Sometimes she thinks that she can but then realises it’s in her own head. It must just be one of those inexplicable things she decides, and puts it down to stress and overtiredness. She struggles through weary days at work, longing for them to be over. She sleeps uneasily, her body held stiffly as her mind slips from nightmare to nightmare. All her fears crowding in, jostling for primary position in her subconscious. She raises her hand high and then brings it smashing down across Bob’s face, then she mumbles and twists in her duvet.

• • •

It is a deep drone so low that it should be inaudible, and yet she can hear it clearly. Bob hears it too and together they hunt around the house for its source.

‘It’s ok mum,’ he says proudly, ‘it’s just my video rewinding.’

‘Clever boy,’ she says, knowing it’s not. What can it be? It’s definitely an external sound. She cleans her teeth, the only sound the whizz of her battery operated toothbrush.

• • •

She suddenly jolts from her dreamy slide into sleep as the sound penetrates her brain with its loud reverberation. Night terrors fill her. ‘Shit, shit,’ she gasps. She runs her hands over her face, rubbing her eyes. She feels jangly. She picks up the phone and holding it tightly in case she needs to ring the police, she walks through the house to check on Bob. He is curled up, clutching his Flopsy rabbit. She touches his chest to feel the reassuring beat of his heart and then crouches beside him. She tries to ignore her fear. There is a rational explanation, she decides. Kerry fixes her gaze on the swirly patterned carpet, lulling her mind as she blanks out everything except the circles of deep red. She puts the phone down besides her, keeping it touching her knee. Her eyes prickle, her body twitches and she tumbles into a doze.

• • •

A crashing sound invades her tenuous rest.

She tiptoes from Bobby’s bedroom and peeps around the door. Her heart is thump thumping violently. In the glow from the hall light she scans the familiar furniture lumps, nothing seems amiss. A whimper escapes from her tightly clamped lips as an unearthly whine sweeps past her ears. Bob emerges blearily from his room and she switches to calm, mother mode.

‘Bobby, sweetheart, what are you doing out of bed?’ She is approaching him with her arms outstretched for a cuddle carry back to his room, when a decorative glass bowl next to her flies off the window ledge and shatters. Shards of glass glint on the floor as she picks her way through them and snatches Bobby up.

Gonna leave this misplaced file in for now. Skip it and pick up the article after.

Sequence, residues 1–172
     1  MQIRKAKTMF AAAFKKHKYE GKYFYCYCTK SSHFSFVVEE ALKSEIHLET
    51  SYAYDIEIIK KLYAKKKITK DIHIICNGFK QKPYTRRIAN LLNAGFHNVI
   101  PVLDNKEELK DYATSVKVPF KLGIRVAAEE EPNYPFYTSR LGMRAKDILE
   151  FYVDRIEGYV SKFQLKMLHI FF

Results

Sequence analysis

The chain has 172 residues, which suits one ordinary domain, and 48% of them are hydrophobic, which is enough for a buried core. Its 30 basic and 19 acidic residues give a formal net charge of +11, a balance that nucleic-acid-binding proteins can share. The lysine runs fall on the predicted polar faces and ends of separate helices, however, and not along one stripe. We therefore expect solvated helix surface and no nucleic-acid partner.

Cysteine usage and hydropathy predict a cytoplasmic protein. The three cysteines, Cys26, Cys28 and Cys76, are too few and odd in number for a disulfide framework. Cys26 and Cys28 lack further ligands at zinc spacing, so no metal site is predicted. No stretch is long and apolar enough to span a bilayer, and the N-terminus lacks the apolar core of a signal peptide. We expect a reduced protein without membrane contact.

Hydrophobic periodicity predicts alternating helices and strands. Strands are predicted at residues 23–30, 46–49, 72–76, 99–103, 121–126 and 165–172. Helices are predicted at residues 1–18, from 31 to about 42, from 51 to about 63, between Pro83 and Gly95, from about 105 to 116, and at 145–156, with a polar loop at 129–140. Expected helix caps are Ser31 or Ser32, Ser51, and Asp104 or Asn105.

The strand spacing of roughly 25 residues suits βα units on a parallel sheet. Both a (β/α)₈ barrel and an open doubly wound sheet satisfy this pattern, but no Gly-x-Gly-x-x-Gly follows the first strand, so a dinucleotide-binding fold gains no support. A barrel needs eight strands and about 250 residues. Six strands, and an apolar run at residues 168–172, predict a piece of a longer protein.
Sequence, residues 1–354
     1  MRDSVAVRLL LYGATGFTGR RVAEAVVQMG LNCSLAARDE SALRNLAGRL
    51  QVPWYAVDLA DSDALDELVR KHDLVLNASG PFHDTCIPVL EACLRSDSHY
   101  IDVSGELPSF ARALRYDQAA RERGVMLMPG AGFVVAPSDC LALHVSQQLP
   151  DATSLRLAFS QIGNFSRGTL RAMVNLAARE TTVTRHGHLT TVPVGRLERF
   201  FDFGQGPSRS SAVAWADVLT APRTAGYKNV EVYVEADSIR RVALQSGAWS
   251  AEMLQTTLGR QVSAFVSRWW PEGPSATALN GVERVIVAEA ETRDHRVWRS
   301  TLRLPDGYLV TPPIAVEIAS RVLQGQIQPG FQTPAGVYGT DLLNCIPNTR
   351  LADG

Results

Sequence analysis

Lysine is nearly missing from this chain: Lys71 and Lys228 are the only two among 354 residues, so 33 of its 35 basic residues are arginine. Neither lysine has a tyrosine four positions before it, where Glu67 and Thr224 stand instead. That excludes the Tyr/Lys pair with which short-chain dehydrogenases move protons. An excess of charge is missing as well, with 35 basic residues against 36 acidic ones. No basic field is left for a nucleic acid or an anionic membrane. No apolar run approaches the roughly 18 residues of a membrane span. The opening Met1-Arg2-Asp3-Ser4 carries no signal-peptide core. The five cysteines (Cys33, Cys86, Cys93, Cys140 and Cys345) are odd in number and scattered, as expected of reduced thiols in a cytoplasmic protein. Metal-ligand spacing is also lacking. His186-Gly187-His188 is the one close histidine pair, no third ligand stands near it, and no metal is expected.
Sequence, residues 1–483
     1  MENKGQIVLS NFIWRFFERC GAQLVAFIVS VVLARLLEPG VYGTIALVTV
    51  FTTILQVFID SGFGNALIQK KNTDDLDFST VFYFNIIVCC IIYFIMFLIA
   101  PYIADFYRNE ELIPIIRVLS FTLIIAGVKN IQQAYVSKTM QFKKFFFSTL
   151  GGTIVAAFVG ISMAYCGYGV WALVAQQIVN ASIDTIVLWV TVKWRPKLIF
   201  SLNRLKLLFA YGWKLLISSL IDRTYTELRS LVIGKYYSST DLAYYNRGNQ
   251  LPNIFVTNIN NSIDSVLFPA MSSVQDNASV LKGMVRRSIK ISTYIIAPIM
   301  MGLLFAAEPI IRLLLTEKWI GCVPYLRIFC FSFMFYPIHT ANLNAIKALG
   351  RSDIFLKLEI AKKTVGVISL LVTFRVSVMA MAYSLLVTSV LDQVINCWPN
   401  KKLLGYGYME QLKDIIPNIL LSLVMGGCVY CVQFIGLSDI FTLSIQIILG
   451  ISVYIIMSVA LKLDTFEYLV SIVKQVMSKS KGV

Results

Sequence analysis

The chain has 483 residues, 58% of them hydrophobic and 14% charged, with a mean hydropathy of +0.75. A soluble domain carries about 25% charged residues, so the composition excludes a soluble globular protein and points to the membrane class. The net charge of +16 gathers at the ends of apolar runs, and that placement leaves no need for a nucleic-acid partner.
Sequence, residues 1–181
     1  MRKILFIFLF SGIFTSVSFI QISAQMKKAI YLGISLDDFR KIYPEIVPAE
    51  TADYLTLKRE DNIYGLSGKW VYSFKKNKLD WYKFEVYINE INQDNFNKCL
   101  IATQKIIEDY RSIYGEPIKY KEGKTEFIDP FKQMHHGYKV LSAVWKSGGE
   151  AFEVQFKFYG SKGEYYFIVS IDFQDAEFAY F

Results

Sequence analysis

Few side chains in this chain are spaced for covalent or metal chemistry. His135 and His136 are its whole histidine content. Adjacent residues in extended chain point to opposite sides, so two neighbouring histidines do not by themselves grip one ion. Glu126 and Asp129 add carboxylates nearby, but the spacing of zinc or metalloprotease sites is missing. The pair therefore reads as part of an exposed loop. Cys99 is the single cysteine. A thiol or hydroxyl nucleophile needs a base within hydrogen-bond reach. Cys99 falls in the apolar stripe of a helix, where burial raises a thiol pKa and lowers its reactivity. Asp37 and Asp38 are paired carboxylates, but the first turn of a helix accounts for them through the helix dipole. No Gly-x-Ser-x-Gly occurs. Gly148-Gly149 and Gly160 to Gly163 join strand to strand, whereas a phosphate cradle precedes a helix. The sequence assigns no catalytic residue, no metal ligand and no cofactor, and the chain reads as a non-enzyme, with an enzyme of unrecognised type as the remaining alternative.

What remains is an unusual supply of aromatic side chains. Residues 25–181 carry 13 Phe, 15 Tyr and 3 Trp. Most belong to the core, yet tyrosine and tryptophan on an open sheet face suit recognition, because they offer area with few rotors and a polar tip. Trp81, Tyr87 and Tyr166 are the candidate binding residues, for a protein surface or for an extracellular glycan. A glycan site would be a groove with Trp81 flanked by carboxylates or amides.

• • •

She stands outside the house in her slippers and nightdress, shivering and cuddling Bob, all the while whispering repeatedly a mantra: ‘It’s ok Bobby, everything’s ok.’ She wonders if her screams have roused any of the neighbours, and feels vaguely foolish. What will she say if they ask what’s wrong? She heard a hum? A bowl fell off the side? Kerry knows she is being ridiculous. She has over reacted. She probably knocked the bowl as she rushed to Bob. She’s a silly woman imagining all sorts of nonsense. This is what being alone does.

With a sigh she goes back inside the quiet house.

• • •

Maura offers to have them both to stay, but Kerry can’t afford to take time off work. She lets Bob go to Maura’s alone, and hates the relief that spreads through her as she waves him goodbye. The noise ceases. Initially she feels jumpy at night, ready to jolt awake at the slightest sound, but she soon grows to trust in the silence. She spends her days clockwatching in the department store, and at night she slumps in her bed with magazines, wine and breadsticks.

When she speaks to Bobby she feels a gash of loneliness, she misses his occasional surprise kisses, those thin dry lips against her face.

• • •

When he first returns there is a calmness between them. It doesn’t last. She hugs him in a tight squeeze and tells him how much she missed him, he wriggles away. The rejection catches her sharply, simultaneously they both hear the rumbling static. It begins as a distant wind but gathers energy and volume like a train thundering its approach to a station.

‘It’s you,’ she gasps. ‘It’s you.’ She steps backwards, away from him. Bobby curls himself into a corner of the room emitting squeaky yelps of terror as Kerry sweeps kitchen paraphernalia from shelves and cupboards, their fall adding to the din. Kerry is ashamed of her actions even as she makes them, but all is clear. From his early tantrums to now he has been indefinably different from other children. He has no friends, he’s too loud, too rough, too weird. He’s like some sort of horror movie kid.

Then her heart lurches. He looks so vulnerable. She walks towards him, through the tangle of packets and domestic debris. Snot tracks lead from his nose to his mouth; he unconsciously flicks his tongue around to clean it away. When he looks in her eyes the melting begins, she fills with maternal love that overrides everything else.

Kerry reaches for him, suddenly aware that the noise has stopped.

‘Shit,’ says Kerry. She runs her fingers through her own hair, pulling the long strands taut. I love him, she thinks, I adore him. It remains quiet. Little bastard she thinks, I remember when he bit me last week, out of nowhere, those sharp teeth sinking into my flesh, me trying not to react as they went deeper. The hum starts over.

‘I love you,’ says Kerry, and means it. There is silence again.

‘Shit,’ says Kerry. ‘It’s not you at all. It’s me.’ She chokes out a sob and wraps her arms around his slim body, pressing her lips against his neck.

‘Can I watch Toy Story?’ Bob asks.

© Sara Crowley 2005